Each morning, we would cycle the 5 miles out of town for an early morning rowing session on the Thames at Radley. This particular morning, we had been discussing the state of our training kit; mine was practically able to stand up by itself and in dire need of a wash.
“When I put these pants on, I think “Ooh, small pants” and I spend the day reminded of this. I know it’s time to do some washing then.”
We knew you from then on as Small Pants. It was a silly name for such a great man, really. You went on to achieve so much. No matter what you accomplised, you always remembered us, and you never minded us calling you that.
On those bike rides, we established our mutual love of cycling. Long after I stopped rowing, and even when rowing became your job, we talked bikes before boats. We laughed at the noises our student bikes made, both contraptions we’d owned since our early teens; we coveted and congratulated each other on the upgrades over the years since; we swapped stories of accidents, adventures and ambitions on two-wheels; we shared an aspiration to complete an ironman.
You took on Ironman Nice on the hottest day of 2009. One third of the way into the bike course and halfway up the biggest climb of the day, your chain snapped. With the nearest race mechanic 10km away at the top of the next pass, they told you to DNF. Instead, you jogged until someone loaned you a tool to rejoin the chain and completed the remaining 100km on a fraction of the gears you started with. All this before running a marathon. You took this photograph of yourself at the start of the day and posted it in your Facebook album from the event; I keep it by my computer at work and cherish the caption as much as the picture itself.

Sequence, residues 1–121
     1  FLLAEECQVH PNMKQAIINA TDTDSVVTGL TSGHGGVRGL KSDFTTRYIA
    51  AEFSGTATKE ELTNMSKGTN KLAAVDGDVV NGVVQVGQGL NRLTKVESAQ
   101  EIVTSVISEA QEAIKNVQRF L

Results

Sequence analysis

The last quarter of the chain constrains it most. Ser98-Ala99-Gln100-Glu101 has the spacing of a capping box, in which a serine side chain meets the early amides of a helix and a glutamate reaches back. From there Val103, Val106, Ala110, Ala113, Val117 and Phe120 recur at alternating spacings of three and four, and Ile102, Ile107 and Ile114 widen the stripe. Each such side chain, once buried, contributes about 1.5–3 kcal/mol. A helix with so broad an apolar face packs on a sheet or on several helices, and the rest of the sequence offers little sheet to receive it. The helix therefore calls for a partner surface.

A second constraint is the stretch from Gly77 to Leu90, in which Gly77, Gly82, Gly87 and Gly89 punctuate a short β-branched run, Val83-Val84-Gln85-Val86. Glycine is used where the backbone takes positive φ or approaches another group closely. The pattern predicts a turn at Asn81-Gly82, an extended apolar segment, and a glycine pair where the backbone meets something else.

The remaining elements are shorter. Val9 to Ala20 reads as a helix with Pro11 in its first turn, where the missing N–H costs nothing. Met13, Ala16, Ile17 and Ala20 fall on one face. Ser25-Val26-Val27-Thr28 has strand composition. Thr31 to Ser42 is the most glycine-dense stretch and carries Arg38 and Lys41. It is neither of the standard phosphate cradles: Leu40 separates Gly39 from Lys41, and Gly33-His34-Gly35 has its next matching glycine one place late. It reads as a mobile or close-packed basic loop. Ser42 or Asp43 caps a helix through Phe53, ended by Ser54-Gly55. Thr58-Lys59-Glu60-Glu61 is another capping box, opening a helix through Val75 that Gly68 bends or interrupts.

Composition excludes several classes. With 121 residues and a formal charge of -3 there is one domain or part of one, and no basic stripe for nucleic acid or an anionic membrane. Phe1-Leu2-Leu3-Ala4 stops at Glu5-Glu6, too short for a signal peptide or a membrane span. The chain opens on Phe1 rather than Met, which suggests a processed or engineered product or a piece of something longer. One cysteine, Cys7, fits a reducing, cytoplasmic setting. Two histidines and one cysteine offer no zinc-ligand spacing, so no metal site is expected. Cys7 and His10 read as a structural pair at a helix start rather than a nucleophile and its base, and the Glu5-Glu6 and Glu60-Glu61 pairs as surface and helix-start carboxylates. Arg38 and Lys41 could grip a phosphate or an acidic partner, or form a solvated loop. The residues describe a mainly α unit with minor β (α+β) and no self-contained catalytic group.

|"Day 3: Happy! (Whatever may be in store for me today, at least I'm not stuck behind a desk in an air-conditioned office under artificial light in front of a computer screen...)" Acer Nethercott|
The day I heard the news that you were ill, I rode my bike. I rode my bike and I thought of you. I rode my bike and I worried about you. I rode my bike and I questioned why you hadn’t told us. I rode my bike and I got angry. I rode my bike until I came to the conclusion that you’d tell us directly if things were that bad. I told myself that everything would be OK; you would tell us if it wasn’t. That conversation never happened.
The fact that you kept your illness such a secret has been one of the hardest parts of grieving for you. Feelings of shock and loss, all mixed up with doubts and worries. Only after you passed away did I even begin to comprehend the privacy with which you dealt with all of it. The memories in so many of the messages left in tribute are so completely consistent with how I remember you - funny, generous, inclusive, kind, relentlessly optimistic - that I learned rationalise your choice as simply, "You just wanted us all to remember you". That’s what I will continue to do.
Tomorrow evening, I am starting what will be my longest race ever. I am utterly terrified. I am terrified that I’m unprepared. I’m terrified that I am out of my depth. I am terrified that my body won’t cope and that I won’t finish.
But I will do my very best and I will remember you throughout. I will remember how you faced your fears. I will remember how you conquered difficulties. I will remember that, when life gives you tiny pants, you put them on, smile, and remember to do some bloody washing.